328. Memorandum of a Conversation, Department of State, Washington, October 25, 1957, 10:30 a.m.1



  • Syria in the United Nations

[Here follows the same list of participants as Document 324.]

Mr. Rountree said that the US delegation had been in close consultation with the UK delegation on the Syrian item in the General Assembly.2 It was now planned to have ready a resolution calling on the Secretary General to investigate the Syrian-Turkey situation. Mr. Rountree pointed out that the timing of any action at the UN on this problem was extremely delicate and should be worked out in New York. It was most important that the position of the friendly Arab states be taken into account. The US did not wish, by prematurely putting in a resolution, to assume the onus of rejecting King Saud’s offer of mediation if it was still valid, but on the other hand the US did not wish to count too heavily on King Saud’s mediation offer if the Arabs turned from it and the Syrians should be prepared to put in a resolution unacceptable to us. The issue would probably clarify itself during the session this afternoon, but possibly not in time for the US to table the draft resolution which it had prepared.

Mr. Lloyd said that the Arab delegations had held a meeting last night and all had agreed, with the exception of the Egyptians, that Syria should accept King Saud’s offer of mediation. Mr. Rountree said he had heard the same report from an Egyptian journalist who had added that the meeting of the Arab delegations had been adjourned [Page 831] until noon today. Mr. Rountree said we had received word from New York and elsewhere which supports the thesis that attempts of King Saud to mediate had been a blow to the Russian position and a source of embarrassment to the Syrians.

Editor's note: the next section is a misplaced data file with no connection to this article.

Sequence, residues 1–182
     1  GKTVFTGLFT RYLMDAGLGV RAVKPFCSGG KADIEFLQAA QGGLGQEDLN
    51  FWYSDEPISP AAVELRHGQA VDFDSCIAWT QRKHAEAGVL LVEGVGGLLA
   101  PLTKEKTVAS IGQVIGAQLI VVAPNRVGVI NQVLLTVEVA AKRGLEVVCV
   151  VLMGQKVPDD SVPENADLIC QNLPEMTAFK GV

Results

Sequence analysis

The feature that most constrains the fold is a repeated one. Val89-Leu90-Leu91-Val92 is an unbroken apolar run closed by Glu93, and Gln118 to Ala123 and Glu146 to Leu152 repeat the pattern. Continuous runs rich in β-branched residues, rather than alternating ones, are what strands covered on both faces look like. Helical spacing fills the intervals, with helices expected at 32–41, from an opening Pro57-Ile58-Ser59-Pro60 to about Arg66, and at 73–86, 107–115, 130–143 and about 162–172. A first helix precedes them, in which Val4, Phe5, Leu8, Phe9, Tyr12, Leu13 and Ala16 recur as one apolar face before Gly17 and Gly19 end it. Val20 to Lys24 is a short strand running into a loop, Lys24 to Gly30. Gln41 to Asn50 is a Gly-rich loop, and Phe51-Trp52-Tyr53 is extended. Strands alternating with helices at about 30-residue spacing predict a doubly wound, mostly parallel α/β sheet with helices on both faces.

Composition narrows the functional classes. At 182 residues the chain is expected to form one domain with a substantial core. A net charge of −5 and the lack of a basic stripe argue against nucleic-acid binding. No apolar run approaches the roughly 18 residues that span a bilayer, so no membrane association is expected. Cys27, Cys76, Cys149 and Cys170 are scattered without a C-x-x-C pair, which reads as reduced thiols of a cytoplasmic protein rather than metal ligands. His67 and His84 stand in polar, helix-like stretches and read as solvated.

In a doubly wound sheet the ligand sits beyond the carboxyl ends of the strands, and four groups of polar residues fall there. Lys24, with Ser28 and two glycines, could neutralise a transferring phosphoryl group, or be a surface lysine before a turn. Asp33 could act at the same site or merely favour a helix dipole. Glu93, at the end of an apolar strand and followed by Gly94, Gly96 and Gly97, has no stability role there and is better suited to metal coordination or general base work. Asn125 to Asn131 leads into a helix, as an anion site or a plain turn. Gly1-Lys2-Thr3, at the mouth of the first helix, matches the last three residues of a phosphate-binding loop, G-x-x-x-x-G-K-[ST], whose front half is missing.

Mr. Lloyd pointed out that there was only one slight difference in tactics between the US and UK positions on the Syrian problem. Of course, the UK and US would prefer King Saud’s mediation but they must be ready with an alternative solution. The UK would prefer in the first instance the tabling of a fairly strong resolution from our viewpoint, and then under pressure yield to modifications. In this manner we could eventually accept an investigation by the Secretary General, thereby giving the impression that we had made an important concession.

The Secretary commented that, from many years of experience at the UN, he had felt that it was necessary to have a definite line of action. This would give an opportunity to line up supporters for a specific resolution. It was impossible to maneuver rapidly in the UN since many delegations would feel it necessary to receive instructions before taking a final position. Insofar as the US position was concerned, the Secretary was inclined to give Ambassador Lodge a free hand on tactics employed in New York since the Ambassador’s long experience had served him in good stead.

Mr. Lloyd commented that, provided the resolution was not revised or watered down considerably in order to obtain the necessary two-thirds vote, the UK would have no objection to supporting the US resolution as it appeared in the original wording.

The Secretary emphasized the fact that we could not permit the investigating committee to investigate Turkey alone, but that Russia and Bulgaria would also have to be included. He added that we have sensitive installations in Turkey in connection with our NATO commitments, and it would be impossible to permit a committee of neutralists to inspect these installations unless the committee was also permitted to visit military installations in Russia and Bulgaria.

  1. Source: Department of State, Conference Files: Lot 62 D 181, CF 926. Secret. Drafted by Dorman, approved by Dulles and Greene, and circulated to appropriate U.S. officials on October 25.
  2. Reference is to the U.N. General Assembly debate on Syria’s complaint about Turkish threats to its security, October 22 and 25.